A Foster Parent's Journey: Meet the Altys
by Susan Ripley & Cebien Alty
When Cebien Alty’s wife, Joy-Lynn, brought up the subject of becoming foster parents, as her biological mother had been during her adolescent years, his quick reply was a resounding “NO!" He wanted to focus on having children of their own and was quite honestly worried about the "type" of children in the foster care system.
To understand some of his resistance; Cebien had preconceived ideas of why children were in Foster Care, as one of his cousins during his teenage years was placed into the system of care and lived in a group home. He would visit her at the group home, and to him, what he saw was not something that he himself wanted to experience or deal with. Because of his skewed understanding as to how the kids in the group home ended up in there, he unknowingly placed the blame/fault on them.
This was in stark contrast to Joy-Lynn’s experience, where caring for children was always part of her reality because she saw how impactful it was for many of the children her own mother provided care for.
Fast forward to 2008—10 years later—with Joy-Lynn often “soft mentioning” the idea of fostering, when on a beautiful Sunday, the Altys sat in the congregation of a friend’s church, where unbeknownst to them, the speaker that faithful day would be a guest pastor whose message was on the subject of fostering and adoption.
The pastor shared his own family’s story of fostering, adoption, and the positive changes they had experienced in walking out this ministry. He also spoke about how great a need there is for families/individuals to get involved in fostering. At the end of his testimony, the pastor asked for families to make a commitment to at very least attend an info session and listen, taking the smallest step by educating themselves about the need within the system of care. Cebien turned to his wife and said, “Okay babe, I’ll commit to the info session but that’s it.”
Not even half way through the info session, Mr. Alty told his wife, 'I’m in. Let’s make this happen.'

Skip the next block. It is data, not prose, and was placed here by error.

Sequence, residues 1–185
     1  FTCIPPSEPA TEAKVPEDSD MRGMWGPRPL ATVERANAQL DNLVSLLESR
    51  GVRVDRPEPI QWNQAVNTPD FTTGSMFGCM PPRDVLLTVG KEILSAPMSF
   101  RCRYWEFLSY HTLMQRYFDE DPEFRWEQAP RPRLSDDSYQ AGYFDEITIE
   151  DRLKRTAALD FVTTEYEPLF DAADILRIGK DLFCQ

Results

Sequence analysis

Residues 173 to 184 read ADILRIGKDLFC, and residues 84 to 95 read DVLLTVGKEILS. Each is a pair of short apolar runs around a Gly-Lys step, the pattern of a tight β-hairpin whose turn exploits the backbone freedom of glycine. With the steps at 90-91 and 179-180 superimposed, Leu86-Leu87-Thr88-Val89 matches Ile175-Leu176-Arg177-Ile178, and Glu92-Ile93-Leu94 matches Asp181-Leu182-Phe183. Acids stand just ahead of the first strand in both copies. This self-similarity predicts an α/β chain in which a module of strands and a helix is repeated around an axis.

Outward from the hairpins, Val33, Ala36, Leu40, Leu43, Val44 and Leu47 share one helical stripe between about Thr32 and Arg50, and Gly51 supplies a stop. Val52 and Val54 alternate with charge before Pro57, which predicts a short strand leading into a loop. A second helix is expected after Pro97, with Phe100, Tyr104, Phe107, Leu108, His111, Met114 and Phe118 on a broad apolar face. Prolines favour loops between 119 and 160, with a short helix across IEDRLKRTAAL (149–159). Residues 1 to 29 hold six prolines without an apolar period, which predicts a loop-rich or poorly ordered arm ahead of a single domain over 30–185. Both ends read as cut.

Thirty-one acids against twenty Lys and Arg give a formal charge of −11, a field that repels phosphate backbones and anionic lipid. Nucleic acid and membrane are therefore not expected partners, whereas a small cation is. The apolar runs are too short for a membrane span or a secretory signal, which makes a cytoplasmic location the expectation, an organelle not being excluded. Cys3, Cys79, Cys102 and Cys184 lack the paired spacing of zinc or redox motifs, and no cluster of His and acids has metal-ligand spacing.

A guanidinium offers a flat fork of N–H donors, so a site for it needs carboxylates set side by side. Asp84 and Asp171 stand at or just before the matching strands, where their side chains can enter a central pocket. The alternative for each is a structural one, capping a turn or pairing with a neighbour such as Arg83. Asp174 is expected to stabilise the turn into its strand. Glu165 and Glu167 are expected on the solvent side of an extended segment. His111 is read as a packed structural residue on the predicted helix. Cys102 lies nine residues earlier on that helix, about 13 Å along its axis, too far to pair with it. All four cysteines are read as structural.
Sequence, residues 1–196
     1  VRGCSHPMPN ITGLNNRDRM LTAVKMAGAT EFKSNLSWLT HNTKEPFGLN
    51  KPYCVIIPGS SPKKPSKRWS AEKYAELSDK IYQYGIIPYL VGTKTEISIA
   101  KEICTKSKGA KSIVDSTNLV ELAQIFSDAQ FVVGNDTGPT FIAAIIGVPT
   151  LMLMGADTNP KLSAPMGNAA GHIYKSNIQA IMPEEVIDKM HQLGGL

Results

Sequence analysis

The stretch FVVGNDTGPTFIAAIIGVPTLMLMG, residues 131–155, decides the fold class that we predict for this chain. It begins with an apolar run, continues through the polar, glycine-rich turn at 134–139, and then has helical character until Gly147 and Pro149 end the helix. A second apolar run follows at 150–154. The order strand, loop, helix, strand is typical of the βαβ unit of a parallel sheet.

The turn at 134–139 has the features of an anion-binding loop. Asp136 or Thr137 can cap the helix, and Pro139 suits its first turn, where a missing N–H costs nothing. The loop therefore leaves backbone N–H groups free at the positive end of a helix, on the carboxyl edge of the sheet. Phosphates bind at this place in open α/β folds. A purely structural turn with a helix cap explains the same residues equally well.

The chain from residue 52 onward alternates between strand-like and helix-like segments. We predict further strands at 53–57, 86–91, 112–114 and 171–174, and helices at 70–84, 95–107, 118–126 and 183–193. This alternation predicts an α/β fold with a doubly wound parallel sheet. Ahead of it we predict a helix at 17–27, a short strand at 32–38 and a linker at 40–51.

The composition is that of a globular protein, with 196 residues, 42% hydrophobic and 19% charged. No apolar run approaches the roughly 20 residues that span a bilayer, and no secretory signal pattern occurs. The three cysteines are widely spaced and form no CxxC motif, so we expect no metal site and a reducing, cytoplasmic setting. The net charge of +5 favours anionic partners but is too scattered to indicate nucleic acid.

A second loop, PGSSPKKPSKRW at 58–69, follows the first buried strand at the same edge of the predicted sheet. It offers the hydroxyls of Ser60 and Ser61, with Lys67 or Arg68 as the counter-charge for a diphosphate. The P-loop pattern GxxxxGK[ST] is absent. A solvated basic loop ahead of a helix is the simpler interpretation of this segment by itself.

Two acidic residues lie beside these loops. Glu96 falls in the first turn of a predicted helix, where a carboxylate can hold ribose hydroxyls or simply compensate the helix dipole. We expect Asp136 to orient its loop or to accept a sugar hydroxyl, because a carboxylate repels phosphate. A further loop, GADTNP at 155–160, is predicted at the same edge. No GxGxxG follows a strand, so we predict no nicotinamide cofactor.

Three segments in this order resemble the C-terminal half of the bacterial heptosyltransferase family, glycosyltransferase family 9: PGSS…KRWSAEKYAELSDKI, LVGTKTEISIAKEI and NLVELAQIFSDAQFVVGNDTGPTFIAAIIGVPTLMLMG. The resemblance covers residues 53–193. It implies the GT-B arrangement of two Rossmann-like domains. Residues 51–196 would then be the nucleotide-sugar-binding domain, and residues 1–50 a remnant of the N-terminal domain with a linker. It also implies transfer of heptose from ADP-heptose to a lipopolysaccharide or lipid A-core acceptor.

The Altys did not waste time; they searched and found the nearest Community Based Care organization responsible for foster care and were directed to Heartland for Children (HFC), where they signed-up for the next available info session. Not even half way through the info session, Mr. Alty told his wife, “I’m in. Let’s make this happen.” Whatever he needed to do to start helping young lives, he was dedicated to start doing. So the story goes, the Altys completed their MAPP training, now called Passport to Parenting. They became licensed foster parents in the fall of 2009, and their journey as foster parents and advocates for children in care continues.
The Altys entered their fifth year of being foster parents in 2014 and have had 50+ children in their care. This is not the “norm” for “traditional” foster parents. The Altys wanted to extend care to as many children as possible, so they made themselves available for short-term, long-term, overnight, and respite, sibling groups, etc., which is why they have been able to touch the lives of so many young people.
The Altys serve as one of three foster parent mentor sets for newly licensed foster parents through HFC. The goal of HFC’s mentoring program is simply to be an extended resource of help for licensed foster parents and to provide guidance for new foster parents as they journey through their first year of advocating for children in the system of care.
Aside from being foster parents and foster parent mentors, Mr. Alty serves as a participant in the HFC Foster Parent Advisory Board where he is able to advocate for both parents and children by aiding in constructive dialogue around improving the system of care at large. The Altys also host a foster and adoptive family support group called Heart2Heart, which is hosted by their non-profit, UMatter Organization, Inc. Their Heart2Heart support group is another way the Altys feel they are able to give back as well as fulfil a need of the foster and adoptive communities.
When interviewed by Inside Polk Magazine in 2012 about their journey as Foster Parents, Mr. Alty stated his only regret is that “he didn’t do it sooner.” Some might say that it’s the young lives that are ultimately impacted and changed by having loving, dedicated foster parents, but as quoted in Inside Polk, Mr. Alty shared that, “Yes, we make a difference for them, but they have changed our lives…the kids are amazingly resilient.”
The Altys’ testimony about their fostering journey goes much deeper than this summary, but their commitment is to continue to provide care and advocate where they can to ensure the young lives that they touch are impacted directly or indirectly.
If you are one or know of someone who is hesitating because of preconceived ideas or reluctance of the unknown, at very least, take the necessary step of learning the “why and how” children in foster care are there.
Are you the next Cebien or Joy-Lynn Alty?
Do you need to hear his message in person to convince you to come along the fostering journey?
Register for one of our information meetings to learn more about how to become a foster parent!
Call (863) 519-8900 x 289 or email firstname.lastname@example.org for information on how to become a foster parent. Foster Parent Information Nights and orientations are listed on our calendar and may be found in the events section of our Facebook and Google+ pages.